by Stelios Bouras
Greece's economy is expected to keep contracting until at least until 2017, according to a draft budget that anticipates the implementation of the next round of austerity demanded by lenders.
In a 49-page document submitted to Parliament on Monday, the budget predicts that Greece's recession this year will result in a 2.3% contraction it its economy, and another 1.3% in 2016. The figures are in line with forecasts included in the country's third bailout deal, agreed upon in July with eurozone nations and the International Monetary Fund.
The tax increases and spending cuts in that agreement mean that Greece is targeting a primary budget deficit of 0.25% of economic output for this year before swinging to a surplus of 0.5% in 2016.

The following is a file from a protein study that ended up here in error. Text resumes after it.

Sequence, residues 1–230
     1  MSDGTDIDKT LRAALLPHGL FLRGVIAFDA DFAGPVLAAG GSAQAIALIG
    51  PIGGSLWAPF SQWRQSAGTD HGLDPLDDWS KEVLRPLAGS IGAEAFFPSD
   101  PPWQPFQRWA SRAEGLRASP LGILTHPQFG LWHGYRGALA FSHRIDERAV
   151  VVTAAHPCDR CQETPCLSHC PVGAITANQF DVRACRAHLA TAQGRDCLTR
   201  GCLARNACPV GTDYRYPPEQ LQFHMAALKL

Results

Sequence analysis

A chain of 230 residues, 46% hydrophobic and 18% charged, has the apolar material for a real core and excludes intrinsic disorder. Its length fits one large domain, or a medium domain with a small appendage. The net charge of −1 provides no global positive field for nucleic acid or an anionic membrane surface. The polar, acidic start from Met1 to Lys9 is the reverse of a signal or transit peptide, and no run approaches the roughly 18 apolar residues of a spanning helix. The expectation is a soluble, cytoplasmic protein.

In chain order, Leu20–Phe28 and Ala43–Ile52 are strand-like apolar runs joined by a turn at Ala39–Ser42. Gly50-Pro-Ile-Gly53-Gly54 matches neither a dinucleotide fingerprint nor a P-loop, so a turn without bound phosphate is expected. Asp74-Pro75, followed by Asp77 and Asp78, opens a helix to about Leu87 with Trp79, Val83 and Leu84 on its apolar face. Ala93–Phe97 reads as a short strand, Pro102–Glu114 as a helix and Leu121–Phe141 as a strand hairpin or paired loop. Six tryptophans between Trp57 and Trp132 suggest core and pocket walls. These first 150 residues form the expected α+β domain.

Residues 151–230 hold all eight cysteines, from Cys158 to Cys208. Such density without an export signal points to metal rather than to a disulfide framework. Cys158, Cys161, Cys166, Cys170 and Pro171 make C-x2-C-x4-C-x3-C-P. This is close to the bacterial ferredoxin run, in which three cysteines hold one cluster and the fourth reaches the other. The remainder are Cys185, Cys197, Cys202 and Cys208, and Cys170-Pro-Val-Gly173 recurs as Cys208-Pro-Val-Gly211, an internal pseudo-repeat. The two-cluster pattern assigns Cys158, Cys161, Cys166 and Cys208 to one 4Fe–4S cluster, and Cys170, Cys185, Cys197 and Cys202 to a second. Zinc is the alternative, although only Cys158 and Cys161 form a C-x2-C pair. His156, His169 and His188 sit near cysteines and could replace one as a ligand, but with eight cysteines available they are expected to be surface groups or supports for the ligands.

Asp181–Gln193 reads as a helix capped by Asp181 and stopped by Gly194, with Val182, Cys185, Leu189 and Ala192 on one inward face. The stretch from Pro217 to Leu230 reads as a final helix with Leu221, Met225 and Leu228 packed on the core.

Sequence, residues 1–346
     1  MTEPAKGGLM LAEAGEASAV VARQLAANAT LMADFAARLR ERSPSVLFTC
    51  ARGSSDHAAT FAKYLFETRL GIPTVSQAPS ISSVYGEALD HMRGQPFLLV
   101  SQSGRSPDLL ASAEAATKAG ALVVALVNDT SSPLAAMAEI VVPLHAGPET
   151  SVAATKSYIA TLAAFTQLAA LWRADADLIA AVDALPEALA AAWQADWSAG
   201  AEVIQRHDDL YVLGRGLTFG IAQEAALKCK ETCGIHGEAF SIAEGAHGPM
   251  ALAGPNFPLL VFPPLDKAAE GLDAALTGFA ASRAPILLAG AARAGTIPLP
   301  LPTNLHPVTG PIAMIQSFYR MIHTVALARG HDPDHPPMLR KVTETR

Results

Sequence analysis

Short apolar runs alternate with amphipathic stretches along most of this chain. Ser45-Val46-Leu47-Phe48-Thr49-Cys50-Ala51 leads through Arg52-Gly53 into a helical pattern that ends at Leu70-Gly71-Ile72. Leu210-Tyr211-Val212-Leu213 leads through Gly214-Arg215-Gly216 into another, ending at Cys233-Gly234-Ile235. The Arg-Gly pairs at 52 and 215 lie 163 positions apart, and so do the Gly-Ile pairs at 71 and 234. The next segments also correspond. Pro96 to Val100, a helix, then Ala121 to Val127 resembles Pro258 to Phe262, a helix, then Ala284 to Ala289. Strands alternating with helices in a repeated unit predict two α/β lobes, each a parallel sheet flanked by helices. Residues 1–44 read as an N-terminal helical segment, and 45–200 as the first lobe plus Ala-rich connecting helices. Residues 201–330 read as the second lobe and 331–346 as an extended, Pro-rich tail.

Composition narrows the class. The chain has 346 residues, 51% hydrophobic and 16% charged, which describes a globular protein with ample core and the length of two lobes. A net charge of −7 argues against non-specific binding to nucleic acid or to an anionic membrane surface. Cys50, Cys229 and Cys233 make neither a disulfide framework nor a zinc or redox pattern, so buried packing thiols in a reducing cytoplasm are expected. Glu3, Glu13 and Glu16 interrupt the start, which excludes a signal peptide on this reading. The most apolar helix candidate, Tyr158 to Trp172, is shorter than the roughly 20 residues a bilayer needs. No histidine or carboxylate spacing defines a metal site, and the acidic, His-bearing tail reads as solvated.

"In the period coming up, the Greek economy will enter a procedure of significant reforms with a series of fiscal and structural changes," said an introductory note in the budget. "The adjustment period will not be easy but will create the conditions for a modern Greek economy free of problems inherited from the past."
The rolling out of more belt tightening on an austerity-weary public is set to be a challenging task for the coalition government headed by Prime Minister Alexis Tsipras despite his having a fresh mandate after winning last month's elections. The unemployment rate in Greece is seen inching higher next year to 25.8% from 25.4% this year, according to the budget.
Greek officials hope to soften some of the terms included in the country's rescue deal in negotiations with lenders that are expected to resume in the coming weeks.